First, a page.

Tracy A: 28:10 Do I have to write all that content? Okay, I’ve got, I’ve gotten that. I was like, okay, well how many pages are like, oh you want this, this and this. Okay, great. Well this is all the content. Here’s the spreadsheet of all the content that you’ll have to write. Okay, maybe we don’t need that or that.
Angela B: 28:30 We don’t really need an FAQ.
Amy M: 28:33 Well and then, you know, the, there’ll be like, well the theme is only $40. So, I just want to hire you to install it for me because they can’t figure it out. And I would rather just, I won’t even do that anymore. I used to, “Sure I’ll help you out.” Cause I just always want to help everybody and it’s just not worth it because those things are so awful.
Heather A: 28:51 Yeah, they’re rough. They’re rough. We’ve inherited quite a few Divi sites. I’ve never built this site with Divi, but I’m kind of like, you had that I felt bad for folks that got left with a Divi site and their developer just took off or whatever. So like, yeah, we’ll take, we’ll take it on, but then they want to make a million design changes to it. Design changes that aren’t available in the 16 tabs or 42 open boxes in the Divi Builder. So making those changes to the development then are really a pain. And there are styles in the customizer, and there are styles in Divi theme options and their styles in the tab of that random little text box. It’s just, it’s such a mess.
Tracy A: 29:32 And it doesn’t transfer well to something else cause it’s all. Yeah.
Heather A: 29:38 Yeah. It’s just a pain. It’s a pain overall. I like when folks hit us up early or if it’s at a meetup or whatever and they’re like, “Hey, I’m thinking about putting up a website. What should I consider?”And quite honestly, I usually recommend Squarespace over Divi and WordPress almost any day just because Squarespace, at least you go in knowing that you’re kind of in a box and it’s like go to Squarespace, pick out your template or whatever. Focus right now on your site map and your content and your imagery. Get that stuff set. Don’t worry a ton about your overall design, but once you’ve got those things, then you’re more set to go with a WordPress site. Cause you’ve got your part of it a little more complete and you’ve learned some things, then go do the custom route. But yeah, it’s tough. It’s tough. Oh, those builder themes.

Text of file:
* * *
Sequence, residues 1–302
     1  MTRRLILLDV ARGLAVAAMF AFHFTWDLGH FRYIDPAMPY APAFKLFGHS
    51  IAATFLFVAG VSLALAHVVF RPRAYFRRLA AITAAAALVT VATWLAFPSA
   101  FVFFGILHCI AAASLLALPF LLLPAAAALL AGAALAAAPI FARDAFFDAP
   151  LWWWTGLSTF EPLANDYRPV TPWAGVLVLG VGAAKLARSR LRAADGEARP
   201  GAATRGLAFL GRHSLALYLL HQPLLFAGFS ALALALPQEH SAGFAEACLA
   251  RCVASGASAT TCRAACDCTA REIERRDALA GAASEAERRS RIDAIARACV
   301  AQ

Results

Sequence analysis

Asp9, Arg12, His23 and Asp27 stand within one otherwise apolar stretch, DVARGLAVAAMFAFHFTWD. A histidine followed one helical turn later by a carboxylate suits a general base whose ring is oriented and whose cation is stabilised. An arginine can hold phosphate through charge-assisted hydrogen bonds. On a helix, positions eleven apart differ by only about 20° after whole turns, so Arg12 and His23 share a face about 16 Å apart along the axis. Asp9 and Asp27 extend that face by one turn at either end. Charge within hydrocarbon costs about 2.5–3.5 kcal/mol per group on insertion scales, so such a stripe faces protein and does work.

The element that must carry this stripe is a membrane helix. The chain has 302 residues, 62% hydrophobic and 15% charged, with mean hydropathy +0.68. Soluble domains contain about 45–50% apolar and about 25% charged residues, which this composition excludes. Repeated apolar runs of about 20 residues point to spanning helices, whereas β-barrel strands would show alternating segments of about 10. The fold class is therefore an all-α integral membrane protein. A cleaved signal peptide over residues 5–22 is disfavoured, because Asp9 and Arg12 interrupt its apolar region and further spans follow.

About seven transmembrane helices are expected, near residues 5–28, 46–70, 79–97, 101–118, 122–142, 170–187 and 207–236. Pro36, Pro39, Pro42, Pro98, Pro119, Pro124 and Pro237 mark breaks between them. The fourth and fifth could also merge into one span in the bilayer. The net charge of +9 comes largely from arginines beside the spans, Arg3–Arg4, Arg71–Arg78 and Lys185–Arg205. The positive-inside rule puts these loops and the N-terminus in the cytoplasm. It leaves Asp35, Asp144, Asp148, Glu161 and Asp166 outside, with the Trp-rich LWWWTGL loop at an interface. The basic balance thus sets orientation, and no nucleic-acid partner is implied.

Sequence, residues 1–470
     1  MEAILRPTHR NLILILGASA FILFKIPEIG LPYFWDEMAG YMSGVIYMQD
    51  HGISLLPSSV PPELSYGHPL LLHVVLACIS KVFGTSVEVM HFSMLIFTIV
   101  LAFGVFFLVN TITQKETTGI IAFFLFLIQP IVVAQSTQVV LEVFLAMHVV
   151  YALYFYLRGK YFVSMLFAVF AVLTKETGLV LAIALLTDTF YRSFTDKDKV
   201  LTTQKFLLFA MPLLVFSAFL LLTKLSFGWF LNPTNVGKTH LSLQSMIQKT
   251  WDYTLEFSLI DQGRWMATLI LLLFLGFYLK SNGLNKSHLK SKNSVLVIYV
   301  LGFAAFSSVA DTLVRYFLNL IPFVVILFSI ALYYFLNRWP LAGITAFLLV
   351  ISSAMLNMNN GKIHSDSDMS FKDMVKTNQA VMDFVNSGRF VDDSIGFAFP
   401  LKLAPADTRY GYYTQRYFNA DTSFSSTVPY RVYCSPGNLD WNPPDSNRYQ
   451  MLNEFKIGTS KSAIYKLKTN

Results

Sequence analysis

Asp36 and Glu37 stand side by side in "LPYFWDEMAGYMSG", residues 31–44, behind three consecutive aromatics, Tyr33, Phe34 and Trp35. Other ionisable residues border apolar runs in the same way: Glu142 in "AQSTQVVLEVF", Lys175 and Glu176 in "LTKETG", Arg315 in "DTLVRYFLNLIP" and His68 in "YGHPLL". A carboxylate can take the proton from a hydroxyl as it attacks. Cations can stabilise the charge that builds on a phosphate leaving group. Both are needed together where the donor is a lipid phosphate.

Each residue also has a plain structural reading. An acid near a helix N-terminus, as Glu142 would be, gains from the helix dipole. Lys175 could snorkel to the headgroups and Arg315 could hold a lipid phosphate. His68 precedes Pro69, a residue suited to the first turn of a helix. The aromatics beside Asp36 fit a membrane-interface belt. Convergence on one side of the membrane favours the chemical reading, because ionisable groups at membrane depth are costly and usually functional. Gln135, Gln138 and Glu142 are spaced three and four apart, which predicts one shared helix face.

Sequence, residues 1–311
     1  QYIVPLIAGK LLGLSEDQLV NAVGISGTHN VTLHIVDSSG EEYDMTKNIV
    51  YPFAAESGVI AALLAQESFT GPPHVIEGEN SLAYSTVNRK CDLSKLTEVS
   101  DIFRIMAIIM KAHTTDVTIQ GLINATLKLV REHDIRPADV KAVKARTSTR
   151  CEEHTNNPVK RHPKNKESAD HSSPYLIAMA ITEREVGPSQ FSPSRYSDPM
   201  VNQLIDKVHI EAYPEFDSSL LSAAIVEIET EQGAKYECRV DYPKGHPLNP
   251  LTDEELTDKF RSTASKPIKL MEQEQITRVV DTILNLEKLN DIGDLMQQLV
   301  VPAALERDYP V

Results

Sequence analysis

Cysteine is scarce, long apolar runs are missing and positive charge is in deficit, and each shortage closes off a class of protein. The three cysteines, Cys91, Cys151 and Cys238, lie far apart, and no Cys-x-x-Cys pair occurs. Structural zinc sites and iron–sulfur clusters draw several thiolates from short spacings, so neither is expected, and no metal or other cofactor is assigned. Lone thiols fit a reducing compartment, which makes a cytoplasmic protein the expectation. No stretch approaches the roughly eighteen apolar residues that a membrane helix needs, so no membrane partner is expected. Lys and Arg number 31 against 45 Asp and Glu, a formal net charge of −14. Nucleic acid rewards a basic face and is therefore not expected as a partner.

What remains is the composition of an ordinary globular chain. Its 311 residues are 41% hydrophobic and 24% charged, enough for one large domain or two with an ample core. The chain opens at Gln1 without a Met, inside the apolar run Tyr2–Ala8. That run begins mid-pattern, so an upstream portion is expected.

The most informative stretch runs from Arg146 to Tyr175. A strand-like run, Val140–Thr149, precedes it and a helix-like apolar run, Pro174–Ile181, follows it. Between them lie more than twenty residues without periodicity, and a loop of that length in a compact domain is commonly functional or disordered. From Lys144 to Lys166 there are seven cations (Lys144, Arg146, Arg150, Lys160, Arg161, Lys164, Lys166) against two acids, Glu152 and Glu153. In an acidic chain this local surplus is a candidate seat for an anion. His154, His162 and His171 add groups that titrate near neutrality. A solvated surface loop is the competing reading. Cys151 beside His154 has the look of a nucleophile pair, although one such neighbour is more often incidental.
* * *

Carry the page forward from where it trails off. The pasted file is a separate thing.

Amy M: 30:31 Oh, a good friend of mine recently, he’s a photographer and he was trying to build his own site and he was asking me for tips and then he, he went Squarespace after he couldn’t figure out WordPress, which is, you know, fine. And it’s really probably the right choice for a photographer that wants to do it yourself website. And he’s like, well, all the photographers now, they’re all running from WordPress and they’re all talking about how, you know, WordPress is terrible. And I said, well that’s because they’re photographers and they’re not web developers.
Heather A: 30:56 Right.
Tracy A: 30:57 And they probably, you know, if they hired so on, they just installed the theme forest theme that, thank you. Yeah. To go through 17 tabs of settings, panels, just to set your site up.
Amy M: 31:12 I never even recommend WordPress for a do it yourself or in fact, I just don’t think I would.
Heather A: 31:17 I agree. I agree.
Angela B: 31:19 Same here. I recommend Squarespace. All the time.
Tracy A: 31:22 I think that’s a really good like process though because you know, people don’t realize like, oh, I just want a website. Like, but why do you want a website? What are you trying to say? Like that like removes that the extra layer of like, now how is it going to look of no, just like what are you saying and gather that and that’s, that’s a really good way of, of starting them out because I think that that’s a good focus. That’s where you should be starting. Like what am I saying? And then then I’ll figure out how it’s going to look.